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COUNTRY PROGRESS AND
CHALLENGES
Zambia Country presentation
Absalom Sakala
1. Top people and processes you have engaged
with/influenced
• Officials in the Ministry of National Development Planning,...
2. Top change achieved or expected
• The expected reflection of biodiversity in the National Development Plan
and not just...
3. Top lessons about successful mainstreaming
• Mainstreaming as a process is about identifying and seizing opportunities ...
4. Top challenge/problem where you need help
• Sectors working in silos
• Inconsistencies in funding
• Influencing decisio...
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Biodiversity mainstreaming in Zambia: progress and challenges

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In this presentation, Absalom Sakala, a project team member from Zambia, highlights progress made and some of the challenges faced in the country.

He describes how the project engaged with officials in key ministries, but that getting biodiversity concerns into the policies and plans of government ministries and private sector companies can take time.

The slides were presented at the ‘Biodiversity mainstreaming’ workshop held in Sogakope, Ghana, from 1-3 November 2016.

More information: www.iied.org/nbsaps

Published in: Environment
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Biodiversity mainstreaming in Zambia: progress and challenges

  1. 1. COUNTRY PROGRESS AND CHALLENGES Zambia Country presentation Absalom Sakala
  2. 2. 1. Top people and processes you have engaged with/influenced • Officials in the Ministry of National Development Planning, which is spearheading the formulation of the Seventh National Development Plan (7NDP) 2017-2020; • The formulation process of the 7NDP process, resulting in one "team member" from the mainstreaming team, invited to serve on the technical team finalizing the 7NDP; • Government officials from other key ministries such as a Finance, wildlife, agriculture, mines, energy through national stakeholders meeting other follow up sessions
  3. 3. 2. Top change achieved or expected • The expected reflection of biodiversity in the National Development Plan and not just reflected broadly as cross cutting environmental issues; • Contributed to the impetus on putting value on biodiversity through on- going processes of the Biofin and The Nature Conservancy (TNC); • Contributed to increased awareness of biodiversity issues building on the NBSAP formulation process; • Smart planning adoption • Contribution to identification of national and regional priority areas for biodiversity conservation and create information maps which will guide mainstreaming biodiversity into national Plans and integration into provincial and local planning decisions.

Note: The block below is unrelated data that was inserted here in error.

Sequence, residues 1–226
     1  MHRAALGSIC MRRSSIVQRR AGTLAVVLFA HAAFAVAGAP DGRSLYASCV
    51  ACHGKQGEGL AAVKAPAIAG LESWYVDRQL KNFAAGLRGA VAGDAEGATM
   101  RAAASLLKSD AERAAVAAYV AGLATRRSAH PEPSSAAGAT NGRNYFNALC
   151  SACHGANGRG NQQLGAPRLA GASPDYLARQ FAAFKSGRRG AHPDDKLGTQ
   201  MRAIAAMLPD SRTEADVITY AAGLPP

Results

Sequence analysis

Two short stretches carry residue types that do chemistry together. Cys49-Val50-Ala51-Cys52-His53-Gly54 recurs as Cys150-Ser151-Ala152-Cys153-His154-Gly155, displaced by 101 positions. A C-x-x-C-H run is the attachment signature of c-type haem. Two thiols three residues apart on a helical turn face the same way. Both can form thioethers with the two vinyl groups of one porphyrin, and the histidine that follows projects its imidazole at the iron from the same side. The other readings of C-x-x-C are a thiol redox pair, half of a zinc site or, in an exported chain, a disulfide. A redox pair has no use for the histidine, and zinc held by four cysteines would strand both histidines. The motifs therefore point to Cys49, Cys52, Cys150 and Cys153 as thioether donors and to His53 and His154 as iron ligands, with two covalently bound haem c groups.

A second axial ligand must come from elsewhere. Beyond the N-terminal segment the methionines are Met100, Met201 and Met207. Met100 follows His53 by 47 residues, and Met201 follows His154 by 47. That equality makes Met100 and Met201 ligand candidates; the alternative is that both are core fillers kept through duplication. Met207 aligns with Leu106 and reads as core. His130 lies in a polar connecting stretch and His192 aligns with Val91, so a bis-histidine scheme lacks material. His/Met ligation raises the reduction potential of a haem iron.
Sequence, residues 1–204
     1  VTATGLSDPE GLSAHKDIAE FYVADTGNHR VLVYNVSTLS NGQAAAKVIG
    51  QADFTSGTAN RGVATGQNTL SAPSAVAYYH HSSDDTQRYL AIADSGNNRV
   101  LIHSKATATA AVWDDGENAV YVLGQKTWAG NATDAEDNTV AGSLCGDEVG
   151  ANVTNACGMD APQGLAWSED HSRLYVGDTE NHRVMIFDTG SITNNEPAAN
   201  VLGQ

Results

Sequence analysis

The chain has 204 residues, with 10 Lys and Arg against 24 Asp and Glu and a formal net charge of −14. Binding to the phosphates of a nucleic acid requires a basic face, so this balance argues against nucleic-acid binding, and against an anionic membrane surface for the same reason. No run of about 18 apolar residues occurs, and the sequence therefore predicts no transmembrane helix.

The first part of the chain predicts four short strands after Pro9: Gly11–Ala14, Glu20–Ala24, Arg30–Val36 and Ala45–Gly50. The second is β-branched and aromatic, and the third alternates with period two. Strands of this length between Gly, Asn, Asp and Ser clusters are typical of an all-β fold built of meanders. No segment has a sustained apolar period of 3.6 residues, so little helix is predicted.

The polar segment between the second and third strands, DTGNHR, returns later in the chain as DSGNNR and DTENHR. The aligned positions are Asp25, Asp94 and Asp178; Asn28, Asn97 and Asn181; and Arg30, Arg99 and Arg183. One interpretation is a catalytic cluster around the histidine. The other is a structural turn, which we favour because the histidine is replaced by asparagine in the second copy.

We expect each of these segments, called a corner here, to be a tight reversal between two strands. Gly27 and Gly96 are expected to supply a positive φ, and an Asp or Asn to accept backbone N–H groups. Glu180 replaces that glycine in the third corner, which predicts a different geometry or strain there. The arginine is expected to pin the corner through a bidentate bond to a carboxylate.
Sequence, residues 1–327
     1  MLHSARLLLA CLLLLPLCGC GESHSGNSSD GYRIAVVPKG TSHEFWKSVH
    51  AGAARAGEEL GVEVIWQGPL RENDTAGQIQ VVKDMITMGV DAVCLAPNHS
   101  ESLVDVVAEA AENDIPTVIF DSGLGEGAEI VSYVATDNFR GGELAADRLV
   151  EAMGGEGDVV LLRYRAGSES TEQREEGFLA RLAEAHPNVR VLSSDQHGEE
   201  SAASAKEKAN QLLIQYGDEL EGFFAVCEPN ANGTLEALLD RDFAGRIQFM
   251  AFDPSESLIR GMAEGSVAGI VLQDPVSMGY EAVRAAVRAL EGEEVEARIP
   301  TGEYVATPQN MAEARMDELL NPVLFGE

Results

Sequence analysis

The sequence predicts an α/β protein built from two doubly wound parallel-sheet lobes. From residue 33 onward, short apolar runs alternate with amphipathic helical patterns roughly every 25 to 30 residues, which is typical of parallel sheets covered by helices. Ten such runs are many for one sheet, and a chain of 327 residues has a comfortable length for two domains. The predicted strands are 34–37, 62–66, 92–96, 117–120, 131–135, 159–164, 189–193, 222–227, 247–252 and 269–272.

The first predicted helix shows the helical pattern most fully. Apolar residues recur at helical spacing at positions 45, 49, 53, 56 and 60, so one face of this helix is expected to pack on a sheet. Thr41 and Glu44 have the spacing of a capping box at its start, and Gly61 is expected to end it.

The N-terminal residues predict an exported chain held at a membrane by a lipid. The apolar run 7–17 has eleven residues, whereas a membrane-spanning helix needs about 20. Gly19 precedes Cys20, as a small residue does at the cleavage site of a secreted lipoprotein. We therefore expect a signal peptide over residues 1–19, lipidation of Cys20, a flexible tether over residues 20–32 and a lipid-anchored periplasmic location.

4. 4. 3. Top lessons about successful mainstreaming • Mainstreaming as a process is about identifying and seizing opportunities that present themselves; • The champions of mainstreaming in key institutions are not necessarily the top level policy makers such as Permanent Secretaries or Ministers, but technocrats who buy into the concept can influence decisions (exclusive engagement with MNDP in Second workshop resulted in actual engagement in 7NDP) • To ensure effective mainstreaming of the NBSAP there is need to expand the engagement with both the Ministry of Finance (MoF) and Ministry of National Development Planning. • Mainstreaming requires convincing and commitment among team members • Getting biodiversity concerns into the policies and plans of government ministries and private sector companies is a goal that can take many years to achieve. • Realised that economic valuation of biodiversity assets and ecosystem services are useful tools for engaging ministries of finance and national planning and building a business case for biodiversity.
  5. 5. 4. Top challenge/problem where you need help • Sectors working in silos • Inconsistencies in funding • Influencing decision makers • Developing a ‘business case’ for biodiversity • entrenched ideologies, limited capacity, the challenge of connecting biological sciences with the social and economic discourse used by development planners

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